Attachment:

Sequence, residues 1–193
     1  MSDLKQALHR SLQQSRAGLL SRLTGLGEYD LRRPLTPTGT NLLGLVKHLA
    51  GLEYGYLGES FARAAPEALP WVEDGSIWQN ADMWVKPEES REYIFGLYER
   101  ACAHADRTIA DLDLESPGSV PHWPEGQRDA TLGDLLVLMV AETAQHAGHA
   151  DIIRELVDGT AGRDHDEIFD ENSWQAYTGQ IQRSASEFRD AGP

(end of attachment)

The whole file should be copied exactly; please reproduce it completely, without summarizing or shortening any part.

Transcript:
Sequence, residues 1–193
     1  MSDLKQALHR SLQQSRAGLL SRLTGLGEYD LRRPLTPTGT NLLGLVKHLA
    51  GLEYGYLGES FARAAPEALP WVEDGSIWQN ADMWVKPEES REYIFGLYER
   101  ACAHADRTIA DLDLESPGSV PHWPEGQRDA TLGDLLVLMV AETAQHAGHA
   151  DIIRELVDGT AGRDHDEIFD ENSWQAYTGQ IQRSASEFRD AGP